I will fully admit, fantasy was not a genre that I thought I would like. That is until I read Enchantment recently. Thanks to the book club that I recently joined, I got to check that out. When the genre this month was Urban Fantasy and Clockwork Angel was selected, I was hesitant to say the least. However, just like with the last few books that have been selected in the Book Club, my low expectations were exceeded. Despite the length of the book, it was very fast-paced and I had a hard time having to put the book down each time. I knew I was going to love Will from the beginning with his wit and charm. I did not expect the depth his character brought nor that I would be so pleased that he wasn’t “rescued” by his emotional trauma just by one kiss. I love when that happens in Disney movies but it would not have been appropriate for it to have happened in this gothic action plot. I appreciate that Cassandra Clare treated their potential romance by requiring understanding and patience. Furthermore, I also appreciated that the author made each of these characters distinct yet worked diligently at binding them together. Furthermore, I listened to about half of this on AudioCD read by Jennifer Ehle who I highly recommend as an audiobook reader. She was able to give unique voices and accents to each character yet have a different voice for when she is not reading dialogue.
There were victories, tragedies, heroes, betrayers, villains, unexpected twists, clever inventions, shape-shifting, disease, several sources of unrequited love, and there was a cat! The dialogue was deep at times and witty at others. I found myself taking notes of lines from the book that struck a chord with me. Some examples are:
“It’s all right to love someone who doesn’t love you back, as long as they’re worth you loving them. As long as they deserve it”.
“It is as great a thing to love as it is to be loved. Love is not something that can be wasted”.
“Whatever you are physically…male or female, strong or weak, ill or healthy—all those things matter less than what your heart contains. If you have the soul of a warrior, you are a warrior. All those other things, they are the glass that contains the lamp, but you are the light inside”.
I love it when an author references other works of literature. Additionally, I also simply adore when a romance starts from a mutual appreciation of reading. This just adds to the many reasons why I love this book, she starts each chapter with a few lines of a poem. Later on in her acknowledgements she states that she used poems that would have mostly been around in the time that this book was set. I also enjoyed the references to A Tale of Two Cities by Charles Dickens. After I finished this book, I quickly added it to the top of my TBR pile. It is invigorating to read a book that inspires you to read books they slyly suggest.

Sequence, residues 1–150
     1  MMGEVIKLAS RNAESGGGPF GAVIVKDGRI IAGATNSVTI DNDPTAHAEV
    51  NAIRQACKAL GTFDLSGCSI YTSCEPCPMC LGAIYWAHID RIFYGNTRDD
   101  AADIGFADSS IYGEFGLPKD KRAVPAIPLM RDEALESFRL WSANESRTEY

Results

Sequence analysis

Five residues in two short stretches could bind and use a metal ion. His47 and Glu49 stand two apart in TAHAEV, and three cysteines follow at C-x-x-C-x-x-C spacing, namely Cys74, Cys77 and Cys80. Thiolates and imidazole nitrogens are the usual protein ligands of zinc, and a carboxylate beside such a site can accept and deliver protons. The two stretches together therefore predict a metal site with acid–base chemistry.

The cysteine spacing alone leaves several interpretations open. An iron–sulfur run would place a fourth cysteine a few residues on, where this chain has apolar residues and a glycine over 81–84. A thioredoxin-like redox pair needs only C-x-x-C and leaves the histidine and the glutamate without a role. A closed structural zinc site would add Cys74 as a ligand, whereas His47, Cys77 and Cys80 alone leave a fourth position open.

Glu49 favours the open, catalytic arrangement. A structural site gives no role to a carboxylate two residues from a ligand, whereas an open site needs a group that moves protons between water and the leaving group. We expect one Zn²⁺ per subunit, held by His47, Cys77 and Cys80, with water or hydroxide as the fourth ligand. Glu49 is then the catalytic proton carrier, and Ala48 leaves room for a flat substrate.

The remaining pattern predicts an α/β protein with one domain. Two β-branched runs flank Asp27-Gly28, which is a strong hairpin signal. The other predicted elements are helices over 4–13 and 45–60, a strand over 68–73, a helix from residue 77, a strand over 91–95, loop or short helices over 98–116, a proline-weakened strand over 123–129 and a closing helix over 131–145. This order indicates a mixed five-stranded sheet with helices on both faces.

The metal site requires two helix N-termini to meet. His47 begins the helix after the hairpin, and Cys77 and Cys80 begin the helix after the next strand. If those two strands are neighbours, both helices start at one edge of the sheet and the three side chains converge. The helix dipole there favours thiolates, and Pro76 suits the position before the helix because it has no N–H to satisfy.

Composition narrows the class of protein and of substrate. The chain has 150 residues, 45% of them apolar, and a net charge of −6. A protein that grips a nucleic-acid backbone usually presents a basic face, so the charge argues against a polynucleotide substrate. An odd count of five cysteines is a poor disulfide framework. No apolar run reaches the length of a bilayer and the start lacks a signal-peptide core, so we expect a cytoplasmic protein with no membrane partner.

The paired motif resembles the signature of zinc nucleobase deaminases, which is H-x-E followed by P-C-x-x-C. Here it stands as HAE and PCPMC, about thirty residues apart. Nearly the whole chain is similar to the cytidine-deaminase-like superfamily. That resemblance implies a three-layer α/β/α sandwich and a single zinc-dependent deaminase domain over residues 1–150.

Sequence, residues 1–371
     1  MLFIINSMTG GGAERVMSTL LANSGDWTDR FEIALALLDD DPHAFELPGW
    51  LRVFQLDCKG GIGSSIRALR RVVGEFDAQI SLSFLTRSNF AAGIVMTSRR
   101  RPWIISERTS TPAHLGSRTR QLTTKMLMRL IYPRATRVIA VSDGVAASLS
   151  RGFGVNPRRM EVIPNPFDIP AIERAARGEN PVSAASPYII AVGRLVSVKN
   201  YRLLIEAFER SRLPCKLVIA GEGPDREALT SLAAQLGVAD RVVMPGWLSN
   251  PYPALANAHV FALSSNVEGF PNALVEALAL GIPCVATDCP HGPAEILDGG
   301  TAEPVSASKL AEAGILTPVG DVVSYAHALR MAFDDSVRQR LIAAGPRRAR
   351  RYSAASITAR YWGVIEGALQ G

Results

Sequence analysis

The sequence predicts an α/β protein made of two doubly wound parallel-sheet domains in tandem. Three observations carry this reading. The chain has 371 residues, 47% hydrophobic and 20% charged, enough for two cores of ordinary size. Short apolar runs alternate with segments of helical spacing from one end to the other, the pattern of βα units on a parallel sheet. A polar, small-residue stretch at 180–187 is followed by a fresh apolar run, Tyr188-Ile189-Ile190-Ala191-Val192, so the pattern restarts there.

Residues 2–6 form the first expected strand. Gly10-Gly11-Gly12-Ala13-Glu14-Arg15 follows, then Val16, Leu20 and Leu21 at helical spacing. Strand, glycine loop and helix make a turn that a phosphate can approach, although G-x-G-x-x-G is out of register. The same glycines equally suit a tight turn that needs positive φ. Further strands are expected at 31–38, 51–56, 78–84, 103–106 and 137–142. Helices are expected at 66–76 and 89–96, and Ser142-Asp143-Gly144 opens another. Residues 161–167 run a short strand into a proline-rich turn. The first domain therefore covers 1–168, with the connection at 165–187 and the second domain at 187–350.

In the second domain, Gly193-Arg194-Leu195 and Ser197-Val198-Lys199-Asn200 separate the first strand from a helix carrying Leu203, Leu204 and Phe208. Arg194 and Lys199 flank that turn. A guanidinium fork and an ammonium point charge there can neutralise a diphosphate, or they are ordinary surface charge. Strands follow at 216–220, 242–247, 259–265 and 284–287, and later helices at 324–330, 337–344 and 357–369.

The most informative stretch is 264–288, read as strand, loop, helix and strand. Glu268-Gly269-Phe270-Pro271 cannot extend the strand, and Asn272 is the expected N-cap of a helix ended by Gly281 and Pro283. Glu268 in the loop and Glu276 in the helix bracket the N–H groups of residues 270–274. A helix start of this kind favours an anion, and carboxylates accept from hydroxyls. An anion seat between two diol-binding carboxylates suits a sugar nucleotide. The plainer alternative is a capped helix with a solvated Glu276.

I would recommend this book to readers who enjoy steampunk, historical fiction, fantasy, fast-paced action, unrequited love, complicated families, feminism, hints of romance, and those who love references to other books within a book (as I just mentioned).
On the other hand, I would not recommend this book to those who do not enjoy violence, murder, foul language (although I only noticed two curse words in the book), or demons. ( )
  JanJanFreeman | Jun 8, 2017 |
Cassandra Clare, con questo nuovo romanzo, ha fatto nuovamente centro, sotto tutti i punti di vista. Dobbiamo ammettere che, ormai, questa autrice rappresenta più una certezza che una scommessa.

Età vittoriana, tardo 1800. Londra, o meglio la Londra delle origini. E’ qua, grazie a una situazione particolarmente spiacevole accaduta alla giovane Tessa, orfana, che riusciamo a entrare nel mondo dei vecchi Cacciatori.

Tessa è rimasta sola al mondo e viene chiamata a Londra dal fratello maggiore alla morte della zia, su tutrice. Arrivata in città, però, suo fratello non è al molo ad aspettarla e le manda, invece, due donne inquietanti con un dolcissimo bigliettino che le rassicura sulle sue ospiti. Tessa, giovane e ignara, si affida alle donne e, da quel momento, l’incubo per la ragazza ha inizio. Un incubo che inizierà sempre con la stessa affermazione: Trasformati!